Who am I as a writer?

Written on September 20th, 2014

As a writer, I am an insomniac, intruder on the sky’s sorrow as rain falls at night, present in the middle of its rage as lightning attacks the world outside my windows and the battle cries of thunder make it past what I can assure you are not soundproof walls.

There is no release for the clouds but to unleash everything on the ground, though I am saved from a similar reaction to the storm inside myself by a pen. There is nothing more beautiful than the raw words of someone who can’t find solace in sleep, nothing more important than the way language can make us laugh, make us yearn, make us feel.

It is this reason that there is no separating Haley Young as a person from Haley Young as a writer. There’s a lot I don’t know, but I can tell you this: as far as I am concerned, to write is to breathe.

As a writer, I am dependent. Words are my drug. Some drink, some smoke, some press blades to their own skin. I write. In the fourth grade my nine-year-old self sat down and wrote a 300 page novel about a lost dog finding his way home.

Little did I know that in the process, I would find where I belonged, too.

I was hooked like a child riding their bike without training wheels for the first time; one whiff of the fresh scent of freedom and there was no turning back. I never did look over my shoulder.

As a writer, I am overdone. I am cliched, and whiney, and all too human all too often. I feel what a thousand people have already felt before me and what a thousand more will feel after, only hoping to put it into words well enough so that those who succeed me will never wake up feeling alone.

I am familiar with the comfort of a book that feels like it was written just for you. One day, I hope to know the joy of creating that gift for someone else.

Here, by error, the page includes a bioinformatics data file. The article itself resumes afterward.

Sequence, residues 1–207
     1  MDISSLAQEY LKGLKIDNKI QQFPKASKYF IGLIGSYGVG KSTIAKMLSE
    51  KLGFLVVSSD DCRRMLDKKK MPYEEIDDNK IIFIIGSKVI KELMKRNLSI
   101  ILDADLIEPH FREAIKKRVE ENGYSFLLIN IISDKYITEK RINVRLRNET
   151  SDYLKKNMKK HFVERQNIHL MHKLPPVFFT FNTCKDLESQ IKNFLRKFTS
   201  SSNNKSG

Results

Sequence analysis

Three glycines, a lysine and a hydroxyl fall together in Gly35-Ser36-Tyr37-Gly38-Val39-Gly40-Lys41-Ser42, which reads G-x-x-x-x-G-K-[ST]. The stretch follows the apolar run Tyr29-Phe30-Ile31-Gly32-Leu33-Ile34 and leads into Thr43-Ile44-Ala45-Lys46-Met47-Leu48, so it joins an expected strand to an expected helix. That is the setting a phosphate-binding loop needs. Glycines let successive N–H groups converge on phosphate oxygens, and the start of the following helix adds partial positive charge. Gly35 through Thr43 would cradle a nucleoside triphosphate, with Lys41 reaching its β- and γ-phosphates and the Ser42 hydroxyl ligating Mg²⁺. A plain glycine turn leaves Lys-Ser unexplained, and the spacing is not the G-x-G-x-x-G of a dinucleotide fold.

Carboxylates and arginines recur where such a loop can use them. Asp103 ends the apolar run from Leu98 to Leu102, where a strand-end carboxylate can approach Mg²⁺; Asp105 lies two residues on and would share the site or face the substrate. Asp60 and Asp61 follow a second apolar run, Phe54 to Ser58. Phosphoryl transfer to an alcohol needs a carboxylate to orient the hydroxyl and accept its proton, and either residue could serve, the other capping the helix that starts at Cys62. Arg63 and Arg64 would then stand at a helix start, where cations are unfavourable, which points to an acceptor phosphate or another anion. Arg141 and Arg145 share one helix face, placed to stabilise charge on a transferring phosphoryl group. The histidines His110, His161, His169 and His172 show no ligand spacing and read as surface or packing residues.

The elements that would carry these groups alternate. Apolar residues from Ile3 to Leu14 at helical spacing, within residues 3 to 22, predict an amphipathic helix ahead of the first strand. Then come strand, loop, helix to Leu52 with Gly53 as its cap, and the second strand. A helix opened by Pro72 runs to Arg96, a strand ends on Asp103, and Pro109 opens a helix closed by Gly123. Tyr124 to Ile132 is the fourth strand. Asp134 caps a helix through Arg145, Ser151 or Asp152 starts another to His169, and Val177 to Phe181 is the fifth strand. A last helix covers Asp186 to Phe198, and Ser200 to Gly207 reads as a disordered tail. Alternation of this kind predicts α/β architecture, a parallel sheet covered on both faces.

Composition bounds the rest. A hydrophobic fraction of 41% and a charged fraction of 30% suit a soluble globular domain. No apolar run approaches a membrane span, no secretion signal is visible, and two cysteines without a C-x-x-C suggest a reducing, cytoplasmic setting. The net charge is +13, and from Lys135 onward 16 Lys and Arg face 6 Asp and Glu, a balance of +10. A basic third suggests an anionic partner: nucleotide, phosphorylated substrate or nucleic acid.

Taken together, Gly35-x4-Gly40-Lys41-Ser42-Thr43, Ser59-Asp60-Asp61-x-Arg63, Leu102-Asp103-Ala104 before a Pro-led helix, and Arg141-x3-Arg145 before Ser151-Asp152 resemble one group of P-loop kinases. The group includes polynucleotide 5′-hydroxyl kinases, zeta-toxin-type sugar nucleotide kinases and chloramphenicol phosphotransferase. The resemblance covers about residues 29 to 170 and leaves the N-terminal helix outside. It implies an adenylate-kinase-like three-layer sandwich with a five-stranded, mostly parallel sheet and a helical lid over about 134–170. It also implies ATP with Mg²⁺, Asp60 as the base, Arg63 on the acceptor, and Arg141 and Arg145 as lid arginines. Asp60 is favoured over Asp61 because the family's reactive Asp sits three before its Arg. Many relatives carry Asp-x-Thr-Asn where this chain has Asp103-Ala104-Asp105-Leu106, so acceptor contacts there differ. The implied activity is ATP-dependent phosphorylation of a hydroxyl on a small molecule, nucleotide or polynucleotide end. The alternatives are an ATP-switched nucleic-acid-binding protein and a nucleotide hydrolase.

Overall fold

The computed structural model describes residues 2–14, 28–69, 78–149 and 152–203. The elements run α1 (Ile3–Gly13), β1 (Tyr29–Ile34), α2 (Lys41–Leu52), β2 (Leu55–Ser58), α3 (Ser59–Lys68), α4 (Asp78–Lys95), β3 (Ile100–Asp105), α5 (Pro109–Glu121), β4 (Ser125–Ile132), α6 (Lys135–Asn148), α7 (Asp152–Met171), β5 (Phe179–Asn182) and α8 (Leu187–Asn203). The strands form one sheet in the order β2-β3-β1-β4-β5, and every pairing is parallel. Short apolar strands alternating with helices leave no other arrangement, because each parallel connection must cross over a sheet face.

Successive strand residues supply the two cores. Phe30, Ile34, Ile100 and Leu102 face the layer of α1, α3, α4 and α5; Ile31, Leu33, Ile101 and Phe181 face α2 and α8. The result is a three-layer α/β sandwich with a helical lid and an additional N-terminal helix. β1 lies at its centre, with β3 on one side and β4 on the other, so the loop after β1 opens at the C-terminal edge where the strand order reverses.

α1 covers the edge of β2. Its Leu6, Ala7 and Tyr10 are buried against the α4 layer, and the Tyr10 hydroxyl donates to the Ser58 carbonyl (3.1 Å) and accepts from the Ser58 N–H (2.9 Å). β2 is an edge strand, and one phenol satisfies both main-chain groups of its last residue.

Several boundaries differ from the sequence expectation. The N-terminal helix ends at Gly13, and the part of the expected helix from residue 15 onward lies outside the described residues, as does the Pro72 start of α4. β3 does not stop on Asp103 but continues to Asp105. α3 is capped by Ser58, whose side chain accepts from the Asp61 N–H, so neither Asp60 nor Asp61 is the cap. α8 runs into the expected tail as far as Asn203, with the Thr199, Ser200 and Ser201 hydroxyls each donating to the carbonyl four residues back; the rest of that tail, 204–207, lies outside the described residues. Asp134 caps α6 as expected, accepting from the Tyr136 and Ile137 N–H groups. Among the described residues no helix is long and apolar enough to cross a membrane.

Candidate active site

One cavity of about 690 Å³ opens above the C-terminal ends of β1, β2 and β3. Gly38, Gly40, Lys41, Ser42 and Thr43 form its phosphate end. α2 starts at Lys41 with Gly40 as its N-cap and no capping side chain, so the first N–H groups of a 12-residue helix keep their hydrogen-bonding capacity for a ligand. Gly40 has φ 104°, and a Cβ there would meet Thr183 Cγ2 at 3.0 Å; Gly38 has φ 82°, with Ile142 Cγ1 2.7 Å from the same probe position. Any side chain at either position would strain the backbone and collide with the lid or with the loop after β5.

As a writer, I am stubborn. I am abrasive and brazen and altogether ignorant when things like the rules of punctuation don’t suit my whims. I use semicolons like they’re maple leaves in autumn: always falling around getting caught under your feet. I argued with my seventh grade english teacher for thirty minutes straight on why I should be allowed to use sentence fragments.

As a writer, I am all over the place. I will willingly analyze countless pieces of literature in perfect collegiate level vocabulary, and then write a curling-themed parody to a popular song.

I can’t remember once complaining in these past twelve years of schooling about an essay or a writing assignment. The AP Language and Comp exam was fun.

On paper, I am everything I struggle to be in person. I am bold and unafraid and I know exactly what I need. I can be funny or nostalgic or so heavy that it seems there is no way something as feeble as paper can hold the weight. But the thing about writing? It proves that paper isn’t feeble at all.

As a writer, I am countless things. I am sometimes proud and equally as often, I am embarrassed. Sometimes I’m crying, or laughing so hard that the world spins.

I’ve written to bury the truth as often as I’ve tried to resurrect it. I’m not perfect, and neither are words, but there’s one thing no one will ever take away from me: as a writer, I am complete.